taxes, subject to such limitations as may be provided by law." Withal, it cannot be said that
Section 2 of Republic Act No. 2264 emanated from beyond the sphere of the legislative power to
enact and vest in local governments the power of local taxation.
The plenary nature of the taxing power thus delegated, contrary to plaintiff-appellant's pretense,
would not suffice to invalidate the said law as confiscatory and oppressive. In delegating the
authority, the State is not limited 6 the exact measure of that which is exercised by itself. When it
is said that the taxing power may be delegated to municipalities and the like, it is meant that
there may be delegated such measure of power to impose and collect taxes as the legislature
may deem expedient. Thus, municipalities may be permitted to tax subjects which for reasons of
public policy the State has not deemed wise to tax for more general purposes. 10 This is not to
say though that the constitutional injunction against deprivation of property without due process
of law may be passed over under the guise of the taxing power, except when the taking of the
property is in the lawful exercise of the taxing power, as when (1) the tax is for a public purpose;
(2) the rule on uniformity of taxation is observed; (3) either the person or property taxed is within
the jurisdiction of the government levying the tax; and (4) in the assessment and collection of
certain kinds of taxes notice and opportunity for hearing are provided. 11 Due process is usually
violated where the tax imposed is for a private as distinguished from a public purpose; a tax is
imposed on property outside the State, i.e., extraterritorial taxation; and arbitrary or oppressive
methods are used in assessing and collecting taxes. But, a tax does not violate the due process
clause, as applied to a particular taxpayer, although the purpose of the tax will result in an injury
rather than a benefit to such taxpayer. Due process does not require that the property subject to
the tax or the amount of tax to be raised should be determined by judicial inquiry, and a notice
and hearing as to the amount of the tax and the manner in which it shall be apportioned are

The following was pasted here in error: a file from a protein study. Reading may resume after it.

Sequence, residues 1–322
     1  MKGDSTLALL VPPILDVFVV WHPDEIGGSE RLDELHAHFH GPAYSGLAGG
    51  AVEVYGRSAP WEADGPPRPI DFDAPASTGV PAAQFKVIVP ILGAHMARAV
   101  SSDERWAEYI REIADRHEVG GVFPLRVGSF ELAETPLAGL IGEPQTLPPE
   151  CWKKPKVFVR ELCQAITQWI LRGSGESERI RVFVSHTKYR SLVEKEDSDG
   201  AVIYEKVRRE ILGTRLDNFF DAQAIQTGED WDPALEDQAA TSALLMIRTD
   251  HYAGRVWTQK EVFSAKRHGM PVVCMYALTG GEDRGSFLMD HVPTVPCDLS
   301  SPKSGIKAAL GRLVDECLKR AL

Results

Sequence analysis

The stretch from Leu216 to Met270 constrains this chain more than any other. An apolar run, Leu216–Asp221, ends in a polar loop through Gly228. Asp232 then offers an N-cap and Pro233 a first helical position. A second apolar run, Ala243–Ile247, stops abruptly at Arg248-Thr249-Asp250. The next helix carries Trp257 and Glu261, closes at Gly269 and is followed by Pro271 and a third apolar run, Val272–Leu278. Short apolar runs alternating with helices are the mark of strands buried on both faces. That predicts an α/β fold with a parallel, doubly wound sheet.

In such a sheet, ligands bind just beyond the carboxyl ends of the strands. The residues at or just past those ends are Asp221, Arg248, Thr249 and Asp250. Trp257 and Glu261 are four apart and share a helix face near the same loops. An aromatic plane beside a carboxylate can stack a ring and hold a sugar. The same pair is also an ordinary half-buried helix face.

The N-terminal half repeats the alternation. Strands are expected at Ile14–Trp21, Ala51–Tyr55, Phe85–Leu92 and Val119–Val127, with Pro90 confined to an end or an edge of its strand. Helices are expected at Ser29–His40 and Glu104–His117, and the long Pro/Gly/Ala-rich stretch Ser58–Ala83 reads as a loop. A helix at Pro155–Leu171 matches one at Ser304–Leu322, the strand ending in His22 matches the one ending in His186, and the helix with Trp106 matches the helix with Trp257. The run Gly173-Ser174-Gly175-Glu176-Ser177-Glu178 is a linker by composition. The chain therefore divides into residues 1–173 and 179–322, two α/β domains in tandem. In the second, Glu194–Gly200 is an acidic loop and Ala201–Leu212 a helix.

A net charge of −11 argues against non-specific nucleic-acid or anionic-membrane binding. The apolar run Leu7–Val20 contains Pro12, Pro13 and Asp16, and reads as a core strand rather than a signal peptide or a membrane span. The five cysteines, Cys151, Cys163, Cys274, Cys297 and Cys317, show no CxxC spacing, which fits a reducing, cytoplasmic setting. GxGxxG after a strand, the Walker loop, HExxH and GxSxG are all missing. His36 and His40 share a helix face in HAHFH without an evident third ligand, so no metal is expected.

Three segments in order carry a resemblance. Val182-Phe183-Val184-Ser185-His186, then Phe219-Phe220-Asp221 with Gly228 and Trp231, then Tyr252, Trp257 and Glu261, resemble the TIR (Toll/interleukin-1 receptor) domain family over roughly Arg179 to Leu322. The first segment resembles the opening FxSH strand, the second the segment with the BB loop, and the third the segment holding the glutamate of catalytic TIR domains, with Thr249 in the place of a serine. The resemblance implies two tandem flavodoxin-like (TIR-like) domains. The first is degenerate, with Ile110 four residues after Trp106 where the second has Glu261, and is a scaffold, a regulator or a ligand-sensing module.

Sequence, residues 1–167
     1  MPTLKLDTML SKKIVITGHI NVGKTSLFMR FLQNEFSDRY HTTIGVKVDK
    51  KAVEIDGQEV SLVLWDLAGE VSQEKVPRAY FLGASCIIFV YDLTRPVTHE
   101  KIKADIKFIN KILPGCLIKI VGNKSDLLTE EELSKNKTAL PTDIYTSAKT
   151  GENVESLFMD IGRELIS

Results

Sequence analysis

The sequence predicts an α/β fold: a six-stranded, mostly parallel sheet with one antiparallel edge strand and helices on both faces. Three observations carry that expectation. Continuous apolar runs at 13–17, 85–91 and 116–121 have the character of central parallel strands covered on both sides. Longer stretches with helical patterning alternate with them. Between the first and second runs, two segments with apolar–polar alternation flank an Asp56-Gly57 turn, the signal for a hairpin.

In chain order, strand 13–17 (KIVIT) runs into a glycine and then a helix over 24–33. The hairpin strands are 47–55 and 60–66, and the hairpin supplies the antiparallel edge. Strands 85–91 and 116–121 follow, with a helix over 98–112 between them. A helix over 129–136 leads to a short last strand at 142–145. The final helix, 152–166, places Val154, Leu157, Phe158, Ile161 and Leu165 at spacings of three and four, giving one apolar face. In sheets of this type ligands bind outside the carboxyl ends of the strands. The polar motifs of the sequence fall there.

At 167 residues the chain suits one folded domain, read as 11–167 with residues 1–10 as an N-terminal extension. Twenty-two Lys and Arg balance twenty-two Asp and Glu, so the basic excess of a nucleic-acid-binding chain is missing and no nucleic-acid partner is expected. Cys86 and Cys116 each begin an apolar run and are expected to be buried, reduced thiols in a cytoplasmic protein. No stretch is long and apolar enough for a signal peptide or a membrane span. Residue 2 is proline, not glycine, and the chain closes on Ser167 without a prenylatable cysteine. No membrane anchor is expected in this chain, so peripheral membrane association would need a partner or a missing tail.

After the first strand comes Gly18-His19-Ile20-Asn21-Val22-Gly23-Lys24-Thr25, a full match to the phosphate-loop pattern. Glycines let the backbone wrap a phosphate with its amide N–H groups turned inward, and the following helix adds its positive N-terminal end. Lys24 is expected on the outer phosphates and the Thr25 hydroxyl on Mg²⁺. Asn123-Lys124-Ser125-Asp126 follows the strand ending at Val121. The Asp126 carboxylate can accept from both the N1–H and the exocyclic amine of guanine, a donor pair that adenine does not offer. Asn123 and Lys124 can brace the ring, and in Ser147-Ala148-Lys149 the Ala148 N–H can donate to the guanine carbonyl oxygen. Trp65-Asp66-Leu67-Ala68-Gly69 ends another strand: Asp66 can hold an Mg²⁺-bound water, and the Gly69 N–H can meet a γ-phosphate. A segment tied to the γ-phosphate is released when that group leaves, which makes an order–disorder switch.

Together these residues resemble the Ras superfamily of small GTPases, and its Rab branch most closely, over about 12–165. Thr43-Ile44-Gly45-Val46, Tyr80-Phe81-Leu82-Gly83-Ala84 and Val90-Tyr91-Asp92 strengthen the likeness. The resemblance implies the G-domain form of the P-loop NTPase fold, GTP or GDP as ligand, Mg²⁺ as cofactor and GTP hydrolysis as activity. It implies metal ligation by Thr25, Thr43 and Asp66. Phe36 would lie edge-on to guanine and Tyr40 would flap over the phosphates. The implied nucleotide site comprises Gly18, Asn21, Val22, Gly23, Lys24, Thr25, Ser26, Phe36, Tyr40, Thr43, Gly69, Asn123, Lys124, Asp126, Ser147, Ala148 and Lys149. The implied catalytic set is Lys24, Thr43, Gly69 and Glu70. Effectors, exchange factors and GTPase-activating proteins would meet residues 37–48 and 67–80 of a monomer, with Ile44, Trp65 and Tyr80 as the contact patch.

generally not necessary to due process of law. 12
There is no validity to the assertion that the delegated authority can be declared unconstitutional
on the theory of double taxation. It must be observed that the delegating authority specifies the
limitations and enumerates the taxes over which local taxation may not be exercised. 13 The
reason is that the State has exclusively reserved the same for its own prerogative. Moreover,
double taxation, in general, is not forbidden by our fundamental law, since We have not adopted
as part thereof the injunction against double taxation found in the Constitution of the United
States and some states of the Union. 14 Double taxation becomes obnoxious only where the
taxpayer is taxed twice for the benefit of the same governmental entity 15 or by the same
jurisdiction for the same purpose, 16 but not in a case where one tax is imposed by the State and
the other by the city or municipality. 17
2. Do Ordinances Nos. 23 and 27 constitute double taxation and impose percentage or specific
The plaintiff-appellant submits that Ordinance No. 23 and 27 constitute double taxation,
because these two ordinances cover the same subject matter and impose practically the same
tax rate. The thesis proceeds from its assumption that both ordinances are valid and legally
enforceable. This is not so. As earlier quoted, Ordinance No. 23, which was approved on
September 25, 1962, levies or collects from soft drinks producers or manufacturers a tax of one-

sixteen (1/16) of a centavo for .every bottle corked, irrespective of the volume contents of the
bottle used. When it was discovered that the producer or manufacturer could increase the
volume contents of the bottle and still pay the same tax rate, the Municipality of Tanauan
enacted Ordinance No. 27, approved on October 28, 1962, imposing a tax of one centavo (P0.01)
on each gallon (128 fluid ounces, U.S.) of volume capacity. The difference between the two
ordinances clearly lies in the tax rate of the soft drinks produced: in Ordinance No. 23, it was
1/16 of a centavo for every bottle corked; in Ordinance No. 27, it is one centavo (P0.01) on each
gallon (128 fluid ounces, U.S.) of volume capacity. The intention of the Municipal Council of
Tanauan in enacting Ordinance No. 27 is thus clear: it was intended as a plain substitute for the
prior Ordinance No. 23, and operates as a repeal of the latter, even without words to that effect.
18 Plaintiff-appellant in its brief admitted that defendants-appellees are only seeking to enforce
Ordinance No. 27, series of 1962. Even the stipulation of facts confirms the fact that the Acting
Municipal Treasurer of Tanauan, Leyte sought t6 compel compliance by the plaintiff-appellant of
the provisions of said Ordinance No. 27, series of 1962. The aforementioned admission shows
that only Ordinance No. 27, series of 1962 is being enforced by defendants-appellees. Even the
Provincial Fiscal, counsel for defendants-appellees admits in his brief "that Section 7 of Ordinance
No. 27, series of 1962 clearly repeals Ordinance No. 23 as the provisions of the latter are
inconsistent with the provisions of the former."
That brings Us to the question of whether the remaining Ordinance No. 27 imposes a percentage
or a specific tax. Undoubtedly, the taxing authority conferred on local governments under
Section 2, Republic Act No. 2264, is broad enough as to extend to almost "everything, accepting
those which are mentioned therein." As long as the text levied under the authority of a city or
municipal ordinance is not within the exceptions and limitations in the law, the same comes
within the ambit of the general rule, pursuant to the rules of exclucion attehus and exceptio
firmat regulum in cabisus non excepti 19 The limitation applies, particularly, to the prohibition